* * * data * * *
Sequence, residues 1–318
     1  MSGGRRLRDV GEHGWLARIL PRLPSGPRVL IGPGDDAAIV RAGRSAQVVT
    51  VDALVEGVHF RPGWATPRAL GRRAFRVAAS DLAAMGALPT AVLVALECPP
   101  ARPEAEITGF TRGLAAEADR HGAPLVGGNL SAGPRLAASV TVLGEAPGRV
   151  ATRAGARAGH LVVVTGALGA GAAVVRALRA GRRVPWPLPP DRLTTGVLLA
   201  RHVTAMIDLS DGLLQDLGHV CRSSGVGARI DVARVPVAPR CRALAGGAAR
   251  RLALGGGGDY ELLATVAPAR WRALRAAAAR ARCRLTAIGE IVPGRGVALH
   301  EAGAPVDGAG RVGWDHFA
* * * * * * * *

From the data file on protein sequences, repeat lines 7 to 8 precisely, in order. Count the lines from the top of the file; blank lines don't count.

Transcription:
   251  RLALGGGGDY ELLATVAPAR WRALRAAAAR ARCRLTAIGE IVPGRGVALH
   301  EAGAPVDGAG RVGWDHFA